Read a lot. It's hard to gauge what advice to give without knowing where you are and what your level of experience and fitness is. I started triathlon obese and with basically no fitness experience. I read everything I could get my hands on, talked to everyone that would talk to me, and watched every documentary, video, and advice vlog, on triathlon. It took a while but in time I had the lingo figured out and felt good about my training plan.
Depending on the distances you're planning to run I would advise hiring a coach if you're able to. Or join a tri club near you.
Welcome to the forum! This is a great place to start. There is a great deal of information available here through the articles, the forums and the mentor program. Read through the articles and forum, post questions and most importantly enjoy the sport.
Hello, I a new to Triathlons, 2018 will be my starting year, any advice for a rookie?
Here's my best bits of advice that doesn't often get shared, but were the questions I had when starting out.
1. There will be portapotties at the race. However, likely only near transition for the shorter races. The lines will be massive before the race. Hopefully it's an open water swim.....*wink* *wink*.
2. Read the rules of a particular race, or USAT rules as a default. Not that they exceed "common sense", and it's not like they're generally out there with tape measures to measure draft zones for Age Groupers at local "races" that cater to racers of all kinds. But, it's comforting to know that you're doing it right and not getting in people's way/etc. and knowing when someone else is in YOUR way.
3. No need to spend a lot of money. But, start saving now. You don't need a hot bike, expensive tri-kit, and extensive/expensive "nutrition". A cheap race belt to hold your bib, though, is WAY better than messing with safety pins. Save the money for when you're hooked and you know what you WANT and in what order.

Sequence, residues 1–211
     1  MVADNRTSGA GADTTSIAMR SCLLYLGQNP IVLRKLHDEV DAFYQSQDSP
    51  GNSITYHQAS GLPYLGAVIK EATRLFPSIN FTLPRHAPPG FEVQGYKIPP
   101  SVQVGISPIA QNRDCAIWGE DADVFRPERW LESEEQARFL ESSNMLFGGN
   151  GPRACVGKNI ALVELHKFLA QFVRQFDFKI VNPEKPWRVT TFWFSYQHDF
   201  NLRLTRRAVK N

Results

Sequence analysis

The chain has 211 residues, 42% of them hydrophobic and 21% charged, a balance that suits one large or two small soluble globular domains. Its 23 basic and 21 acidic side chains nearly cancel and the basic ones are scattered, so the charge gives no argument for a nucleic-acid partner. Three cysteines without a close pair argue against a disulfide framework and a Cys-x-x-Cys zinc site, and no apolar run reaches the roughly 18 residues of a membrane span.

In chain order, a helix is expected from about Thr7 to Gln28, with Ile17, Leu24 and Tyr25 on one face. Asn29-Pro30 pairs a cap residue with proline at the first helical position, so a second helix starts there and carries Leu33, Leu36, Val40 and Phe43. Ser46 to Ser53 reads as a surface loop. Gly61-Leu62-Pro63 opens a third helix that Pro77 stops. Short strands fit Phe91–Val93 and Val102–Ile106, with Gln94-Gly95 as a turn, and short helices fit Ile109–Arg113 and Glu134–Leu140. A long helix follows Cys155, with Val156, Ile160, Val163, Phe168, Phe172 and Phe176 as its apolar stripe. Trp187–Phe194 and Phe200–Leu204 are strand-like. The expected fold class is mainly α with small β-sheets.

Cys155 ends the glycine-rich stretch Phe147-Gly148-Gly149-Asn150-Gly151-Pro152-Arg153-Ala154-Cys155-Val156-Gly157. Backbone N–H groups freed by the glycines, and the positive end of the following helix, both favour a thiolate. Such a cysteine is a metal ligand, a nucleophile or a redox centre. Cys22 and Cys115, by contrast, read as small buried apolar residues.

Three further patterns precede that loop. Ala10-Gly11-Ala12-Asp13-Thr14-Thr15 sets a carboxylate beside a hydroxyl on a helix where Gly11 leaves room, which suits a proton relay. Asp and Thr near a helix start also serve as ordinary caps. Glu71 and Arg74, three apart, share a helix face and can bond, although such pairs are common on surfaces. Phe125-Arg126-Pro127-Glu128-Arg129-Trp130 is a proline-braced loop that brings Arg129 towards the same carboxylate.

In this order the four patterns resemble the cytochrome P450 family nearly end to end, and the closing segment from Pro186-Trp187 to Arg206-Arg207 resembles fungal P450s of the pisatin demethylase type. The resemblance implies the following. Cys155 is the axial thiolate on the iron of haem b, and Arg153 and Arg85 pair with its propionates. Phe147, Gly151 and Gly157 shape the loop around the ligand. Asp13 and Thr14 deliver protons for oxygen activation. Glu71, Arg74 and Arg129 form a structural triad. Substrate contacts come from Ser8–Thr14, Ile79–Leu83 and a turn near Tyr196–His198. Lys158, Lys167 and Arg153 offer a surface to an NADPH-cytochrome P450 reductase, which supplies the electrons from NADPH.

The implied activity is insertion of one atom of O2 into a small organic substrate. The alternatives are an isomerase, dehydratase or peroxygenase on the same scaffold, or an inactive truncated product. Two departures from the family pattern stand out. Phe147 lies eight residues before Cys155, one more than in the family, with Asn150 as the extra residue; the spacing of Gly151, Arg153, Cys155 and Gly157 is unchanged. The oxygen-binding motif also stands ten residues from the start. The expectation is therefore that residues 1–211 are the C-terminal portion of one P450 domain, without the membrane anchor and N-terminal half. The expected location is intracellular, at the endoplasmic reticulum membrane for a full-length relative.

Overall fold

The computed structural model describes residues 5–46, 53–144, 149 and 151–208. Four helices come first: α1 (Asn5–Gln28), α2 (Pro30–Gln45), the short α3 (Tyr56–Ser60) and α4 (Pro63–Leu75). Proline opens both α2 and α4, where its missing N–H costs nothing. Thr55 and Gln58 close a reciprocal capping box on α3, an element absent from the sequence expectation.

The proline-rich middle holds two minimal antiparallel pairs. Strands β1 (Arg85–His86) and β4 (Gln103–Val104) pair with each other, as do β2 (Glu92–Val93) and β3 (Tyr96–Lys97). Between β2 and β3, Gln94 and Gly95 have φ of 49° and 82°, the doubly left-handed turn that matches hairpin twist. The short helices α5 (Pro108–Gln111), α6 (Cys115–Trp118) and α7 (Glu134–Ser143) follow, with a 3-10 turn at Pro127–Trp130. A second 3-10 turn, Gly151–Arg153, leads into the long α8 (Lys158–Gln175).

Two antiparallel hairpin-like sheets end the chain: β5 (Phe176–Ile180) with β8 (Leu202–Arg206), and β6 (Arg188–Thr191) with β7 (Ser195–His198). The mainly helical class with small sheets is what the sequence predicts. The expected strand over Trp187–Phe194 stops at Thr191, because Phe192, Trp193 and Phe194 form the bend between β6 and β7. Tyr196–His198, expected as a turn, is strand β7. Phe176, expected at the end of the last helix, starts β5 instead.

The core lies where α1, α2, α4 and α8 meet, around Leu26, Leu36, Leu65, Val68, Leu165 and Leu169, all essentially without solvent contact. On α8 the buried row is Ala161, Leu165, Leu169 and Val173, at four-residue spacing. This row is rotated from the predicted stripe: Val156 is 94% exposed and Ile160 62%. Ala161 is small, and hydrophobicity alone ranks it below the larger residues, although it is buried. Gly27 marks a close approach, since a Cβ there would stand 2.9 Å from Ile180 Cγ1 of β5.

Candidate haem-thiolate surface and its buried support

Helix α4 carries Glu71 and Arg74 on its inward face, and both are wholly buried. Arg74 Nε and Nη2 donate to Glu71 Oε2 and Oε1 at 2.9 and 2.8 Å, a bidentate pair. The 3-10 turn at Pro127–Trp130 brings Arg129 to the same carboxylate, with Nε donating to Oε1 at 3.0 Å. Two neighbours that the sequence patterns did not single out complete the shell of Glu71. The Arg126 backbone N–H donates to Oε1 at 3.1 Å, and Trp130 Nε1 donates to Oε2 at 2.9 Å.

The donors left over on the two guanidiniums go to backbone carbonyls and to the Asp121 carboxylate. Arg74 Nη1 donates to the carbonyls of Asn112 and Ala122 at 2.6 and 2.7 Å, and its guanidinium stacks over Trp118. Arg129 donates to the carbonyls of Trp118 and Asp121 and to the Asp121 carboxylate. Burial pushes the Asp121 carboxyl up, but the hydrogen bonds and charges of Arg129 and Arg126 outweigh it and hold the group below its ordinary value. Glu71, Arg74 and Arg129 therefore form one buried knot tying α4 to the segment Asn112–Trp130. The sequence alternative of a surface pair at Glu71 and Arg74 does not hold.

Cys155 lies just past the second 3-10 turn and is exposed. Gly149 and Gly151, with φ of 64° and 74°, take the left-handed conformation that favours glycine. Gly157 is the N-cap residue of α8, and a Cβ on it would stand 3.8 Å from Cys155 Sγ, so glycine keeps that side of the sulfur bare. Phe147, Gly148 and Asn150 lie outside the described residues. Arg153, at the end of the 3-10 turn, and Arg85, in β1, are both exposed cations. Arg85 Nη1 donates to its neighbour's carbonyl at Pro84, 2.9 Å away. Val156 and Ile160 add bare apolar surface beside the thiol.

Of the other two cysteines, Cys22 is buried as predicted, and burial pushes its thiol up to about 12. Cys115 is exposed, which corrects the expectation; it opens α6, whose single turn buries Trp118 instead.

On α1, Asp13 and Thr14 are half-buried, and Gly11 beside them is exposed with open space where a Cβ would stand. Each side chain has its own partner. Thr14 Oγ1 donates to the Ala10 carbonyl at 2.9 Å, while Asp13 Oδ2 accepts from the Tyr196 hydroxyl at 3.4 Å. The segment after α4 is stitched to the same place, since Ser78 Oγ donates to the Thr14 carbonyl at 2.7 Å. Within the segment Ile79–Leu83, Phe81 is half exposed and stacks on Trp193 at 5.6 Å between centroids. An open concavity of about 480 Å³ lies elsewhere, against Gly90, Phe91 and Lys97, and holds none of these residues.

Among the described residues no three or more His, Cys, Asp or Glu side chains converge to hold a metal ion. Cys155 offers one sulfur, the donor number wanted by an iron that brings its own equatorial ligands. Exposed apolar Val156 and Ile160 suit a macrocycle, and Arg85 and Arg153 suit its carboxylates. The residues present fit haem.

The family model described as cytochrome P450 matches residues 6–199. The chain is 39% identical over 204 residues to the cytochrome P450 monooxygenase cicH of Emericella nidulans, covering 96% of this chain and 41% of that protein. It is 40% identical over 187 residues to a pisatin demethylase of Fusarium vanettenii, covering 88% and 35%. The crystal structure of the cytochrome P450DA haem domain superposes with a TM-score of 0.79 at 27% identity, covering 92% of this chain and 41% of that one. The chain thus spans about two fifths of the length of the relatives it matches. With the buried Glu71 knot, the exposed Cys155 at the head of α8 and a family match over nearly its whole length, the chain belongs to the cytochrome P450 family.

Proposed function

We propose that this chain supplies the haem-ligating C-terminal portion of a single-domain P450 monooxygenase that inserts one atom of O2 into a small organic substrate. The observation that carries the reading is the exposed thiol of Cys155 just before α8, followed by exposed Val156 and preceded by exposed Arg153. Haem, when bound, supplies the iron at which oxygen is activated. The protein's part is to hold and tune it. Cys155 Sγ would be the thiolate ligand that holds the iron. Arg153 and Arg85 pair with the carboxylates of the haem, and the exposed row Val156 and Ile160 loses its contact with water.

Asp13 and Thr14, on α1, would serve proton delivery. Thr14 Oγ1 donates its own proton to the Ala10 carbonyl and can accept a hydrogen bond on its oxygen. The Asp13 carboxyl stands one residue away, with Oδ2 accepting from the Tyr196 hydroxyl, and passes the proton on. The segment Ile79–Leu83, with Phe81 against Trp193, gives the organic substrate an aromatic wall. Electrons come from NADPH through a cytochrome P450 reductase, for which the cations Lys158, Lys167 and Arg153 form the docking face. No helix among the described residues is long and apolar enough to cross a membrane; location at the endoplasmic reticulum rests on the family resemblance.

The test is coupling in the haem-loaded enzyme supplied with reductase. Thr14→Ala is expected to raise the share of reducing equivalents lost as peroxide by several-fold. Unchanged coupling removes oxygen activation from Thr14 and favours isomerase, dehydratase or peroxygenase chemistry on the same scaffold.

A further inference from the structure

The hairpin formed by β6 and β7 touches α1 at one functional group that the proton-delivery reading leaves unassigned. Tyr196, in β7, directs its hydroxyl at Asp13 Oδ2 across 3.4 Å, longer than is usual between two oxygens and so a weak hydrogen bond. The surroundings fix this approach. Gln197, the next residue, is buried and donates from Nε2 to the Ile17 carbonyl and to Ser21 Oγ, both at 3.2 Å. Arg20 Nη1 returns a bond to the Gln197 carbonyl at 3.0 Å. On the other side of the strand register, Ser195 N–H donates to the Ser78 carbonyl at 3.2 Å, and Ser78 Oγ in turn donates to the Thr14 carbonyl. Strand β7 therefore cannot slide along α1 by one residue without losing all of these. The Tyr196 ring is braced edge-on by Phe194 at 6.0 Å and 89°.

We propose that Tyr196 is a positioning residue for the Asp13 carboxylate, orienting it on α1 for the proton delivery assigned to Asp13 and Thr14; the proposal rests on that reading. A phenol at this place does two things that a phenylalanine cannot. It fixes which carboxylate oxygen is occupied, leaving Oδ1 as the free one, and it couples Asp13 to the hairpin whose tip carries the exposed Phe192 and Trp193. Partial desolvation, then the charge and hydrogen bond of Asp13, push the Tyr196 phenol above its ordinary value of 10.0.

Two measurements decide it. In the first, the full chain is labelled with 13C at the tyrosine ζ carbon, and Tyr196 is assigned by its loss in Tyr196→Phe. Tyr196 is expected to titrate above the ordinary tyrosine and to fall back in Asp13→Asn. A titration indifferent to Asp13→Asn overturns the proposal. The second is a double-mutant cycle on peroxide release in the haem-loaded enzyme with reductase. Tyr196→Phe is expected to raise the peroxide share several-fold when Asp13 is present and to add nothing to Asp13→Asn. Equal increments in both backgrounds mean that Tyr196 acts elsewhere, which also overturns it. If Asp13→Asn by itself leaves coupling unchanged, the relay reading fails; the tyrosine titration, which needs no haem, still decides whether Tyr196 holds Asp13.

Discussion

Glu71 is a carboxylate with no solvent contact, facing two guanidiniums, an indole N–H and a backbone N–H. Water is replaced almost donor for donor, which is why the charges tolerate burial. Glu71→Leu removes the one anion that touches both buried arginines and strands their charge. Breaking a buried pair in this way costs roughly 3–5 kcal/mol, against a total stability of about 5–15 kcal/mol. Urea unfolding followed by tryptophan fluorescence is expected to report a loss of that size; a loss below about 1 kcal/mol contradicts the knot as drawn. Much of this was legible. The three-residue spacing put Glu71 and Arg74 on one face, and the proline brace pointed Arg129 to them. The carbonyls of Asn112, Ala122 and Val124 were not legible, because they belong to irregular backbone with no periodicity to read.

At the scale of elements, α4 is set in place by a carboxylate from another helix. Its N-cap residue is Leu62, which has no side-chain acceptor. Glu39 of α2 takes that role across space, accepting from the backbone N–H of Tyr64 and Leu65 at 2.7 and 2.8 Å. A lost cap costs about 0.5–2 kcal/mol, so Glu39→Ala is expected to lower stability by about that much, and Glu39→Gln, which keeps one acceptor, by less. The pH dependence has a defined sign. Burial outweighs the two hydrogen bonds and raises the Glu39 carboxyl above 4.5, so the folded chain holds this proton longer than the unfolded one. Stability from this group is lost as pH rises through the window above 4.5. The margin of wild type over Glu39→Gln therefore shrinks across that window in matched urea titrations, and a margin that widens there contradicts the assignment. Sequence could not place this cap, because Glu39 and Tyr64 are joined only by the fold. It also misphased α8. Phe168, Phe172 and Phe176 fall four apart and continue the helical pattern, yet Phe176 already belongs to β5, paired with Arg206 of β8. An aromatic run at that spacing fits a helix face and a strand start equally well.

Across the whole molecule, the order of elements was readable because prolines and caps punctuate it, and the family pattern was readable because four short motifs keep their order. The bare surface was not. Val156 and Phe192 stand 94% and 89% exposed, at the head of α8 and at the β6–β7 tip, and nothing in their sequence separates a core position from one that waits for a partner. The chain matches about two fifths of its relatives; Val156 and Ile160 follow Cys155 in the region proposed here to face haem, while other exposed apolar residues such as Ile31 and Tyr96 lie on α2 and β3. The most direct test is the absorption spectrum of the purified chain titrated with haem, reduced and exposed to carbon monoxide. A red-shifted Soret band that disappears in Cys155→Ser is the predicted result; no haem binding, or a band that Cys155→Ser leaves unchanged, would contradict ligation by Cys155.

4. 80% of the people racing at a local race are just like you and they're all very friendly. Another 19% of them are really good athletes and might even really be in to tri ....and they're all very friendly and supportive. Of that remaining 1%...... .9% of them are really good triathletes, and might even be classified in some way or might even be a pro....and they're all very friendly and supportive. That last .1% well....there's always someone. They stick together. And nobody likes them. They get made fun of around here on occasion.
5. Also, if you want to use the plastic bucket. USE THE PLASTIC BUCKET. Some people make fun of it. I used one for awhile, but then stopped when I got a nice backpack at a race. I kinda miss the bucket. A waterproof container that doubles as a comfy chair....all for $4? Come on! I bet if I put an IM logo one, made it square instead of bucket shaped and called it a "waterproof transition tote", I could sell them for $250.
Here are a few random thoughts. I've done 39 triathlons now so I've had many opportunities to learn:
1) As someone already noted, ask questions. The Tri community is very friendly and supportive. There is so much to learn it can seem a bit daunting, but there is plenty of support if you just have the courage to put yourself out there and ask questions. Also,, think about joining one of the mentor forums.
2) Unless you have a swim background, get to the pool more than you think you need...and consider a couple private lessons if you can. Swimming is 80%+ technique and a good instructor can help a lot in just a couple of sessions.
3) As someone else noted, you don't need to spend a lot. Any bike will work for your first few races. If you like it, you can worry about it then. I've seen people on fat tire mountain bikes. It doesn't matter.
4) Focus on your weakest sport. The largest time gains typically come from just getting fundamentally sound in your weak sport. For example, for a non-runner, with some discipline it's not that hard to drop from 13 minute mile pace to 10 minute/mile pace. In an Olympic distance tri that's an 18 minute improvement. If you are a strong cyclist, you'll be inclined to want to put in more bike work. But you're not going to drop your bike time by 18 minutes by putting in another bike workout when you could be getting better your run.
5) You can rent a wetsuit off the web. Low cost. If you like the sport you can always buy one later.